Systematic review: Terlipressin in acute oesophageal variceal haemorrhage

Ioannou, GN, Doust, J and Rockey, DC (2003) Systematic review: Terlipressin in acute oesophageal variceal haemorrhage. Alimentary Pharmacology & Therapeutics, 17 1: 53-64. doi:10.1046/j.1365-2036.2003.01356.x


Author Ioannou, GN
Doust, J
Rockey, DC
Title Systematic review: Terlipressin in acute oesophageal variceal haemorrhage
Journal name Alimentary Pharmacology & Therapeutics   Check publisher's open access policy
ISSN 0269-2813
Publication date 2003
Sub-type Critical review of research, literature review, critical commentary
DOI 10.1046/j.1365-2036.2003.01356.x
Volume 17
Issue 1
Start page 53
End page 64
Total pages 12
Place of publication Oxford
Publisher Blackwell Publishing Ltd
Language eng
Abstract Background: Controversy exists surrounding pharmacological therapy in acute variceal bleeding. Methods: To determine the efficacy and safety of terlipressin. Methods: Randomized trials were identified and duplicate, independent, review identified 20 randomized trials involving 1609 patients that compared terlipressin with placebo, balloon tamponade, endoscopic treatment, octreotide, somatostatin or vasopressin for treatment of acute oesophageal variceal haemorrhage. Results: Meta-analysis showed that compared to placebo, terlipressin reduced mortality (relative risk 0.66, 95% CI 0.49-0.88), failure of haemostasis (relative risk 0.63, 95% CI 0.45-0.89) and the number of emergency procedures per patient required for uncontrolled bleeding or rebleeding (relative risk 0.72, 95% CI 0.55-0.93). When used as an adjuvant to endoscopic sclerotherapy, terlipressin reduced failure of haemostasis (relative risk 0.75, 95% CI 0.58-0.96), and had an effect on reducing mortality that approached statistical significance (relative risk 0.74, 95% CI 0.53-1.04). No significant difference was demonstrated between terlipressin and endoscopic sclerotherapy, balloon tamponade, somatostatin or vasopressin. Haemostasis was achieved more frequently with octreotide compared to terlipressin (relative risk 1.62, 95% CI 1.05-2.50), but this result was based on unblinded studies. Adverse events were similar between terlipressin and the other comparison groups except for vasopressin, which caused more withdrawals due to adverse events. Conclusions: Terlipressin is a safe and effective treatment for acute oesophageal variceal bleeding, with or without adjuvant endoscopic sclerotherapy. Terlipressin appears to reduce mortality in acute oesophageal variceal bleeding compared to placebo, and is the only pharmacological agent shown to do so. Future studies will be required to detect potential mortality differences between terlipressin and other therapeutic approaches.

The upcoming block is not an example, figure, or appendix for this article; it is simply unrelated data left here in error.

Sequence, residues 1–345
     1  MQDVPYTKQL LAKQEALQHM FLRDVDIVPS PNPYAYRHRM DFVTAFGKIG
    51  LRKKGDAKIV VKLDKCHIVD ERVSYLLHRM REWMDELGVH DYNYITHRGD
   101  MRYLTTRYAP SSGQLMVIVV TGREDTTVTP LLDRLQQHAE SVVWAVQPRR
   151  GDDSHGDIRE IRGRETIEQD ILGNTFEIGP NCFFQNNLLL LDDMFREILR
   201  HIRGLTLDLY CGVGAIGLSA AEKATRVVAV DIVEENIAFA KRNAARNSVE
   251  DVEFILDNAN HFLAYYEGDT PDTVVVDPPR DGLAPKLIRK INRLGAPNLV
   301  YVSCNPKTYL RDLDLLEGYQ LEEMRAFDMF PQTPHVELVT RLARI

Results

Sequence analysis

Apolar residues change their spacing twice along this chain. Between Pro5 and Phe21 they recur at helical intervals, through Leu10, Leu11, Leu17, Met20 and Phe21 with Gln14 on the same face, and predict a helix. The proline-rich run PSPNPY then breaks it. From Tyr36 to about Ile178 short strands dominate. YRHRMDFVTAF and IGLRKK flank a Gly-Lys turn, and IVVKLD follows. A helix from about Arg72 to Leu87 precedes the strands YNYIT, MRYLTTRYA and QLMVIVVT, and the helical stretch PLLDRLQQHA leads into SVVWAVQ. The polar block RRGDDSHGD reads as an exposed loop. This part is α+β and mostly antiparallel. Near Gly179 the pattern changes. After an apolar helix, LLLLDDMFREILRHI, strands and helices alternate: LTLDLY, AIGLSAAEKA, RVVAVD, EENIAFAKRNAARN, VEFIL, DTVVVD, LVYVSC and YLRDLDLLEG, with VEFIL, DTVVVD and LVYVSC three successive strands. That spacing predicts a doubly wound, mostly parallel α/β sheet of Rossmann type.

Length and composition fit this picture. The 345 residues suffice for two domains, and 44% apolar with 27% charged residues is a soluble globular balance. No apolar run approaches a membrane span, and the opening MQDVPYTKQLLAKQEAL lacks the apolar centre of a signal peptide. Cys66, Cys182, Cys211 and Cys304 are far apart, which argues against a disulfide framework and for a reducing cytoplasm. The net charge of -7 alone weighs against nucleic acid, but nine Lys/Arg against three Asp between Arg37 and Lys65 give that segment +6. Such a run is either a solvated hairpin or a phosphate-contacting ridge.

Keyword Gastroenterology & Hepatology
Pharmacology & Pharmacy
Randomized Controlled Trial
Bleeding Esophageal-varices
Plus Transdermal Nitroglycerin
Placebo-controlled Trial
Double-blind
Portal-hypertension
Cirrhotic-patients
Pharmacological Treatment
Lysine Vasopressin
Liver-cirrhosis
Q-Index Code C1
Q-Index Status Provisional Code
Institutional Status Unknown

Document type: Journal Article
Sub-type: Critical review of research, literature review, critical commentary
Collections: Excellence in Research Australia (ERA) - Collection
School of Medicine Publications
 
Versions
Version Filter Type
Citation counts: TR Web of Science Citation Count  Cited 60 times in Thomson Reuters Web of Science Article | Citations
Scopus Citation Count Cited 106 times in Scopus Article | Citations
Google Scholar Search Google Scholar
Created: Mon, 13 Aug 2007, 13:19:50 EST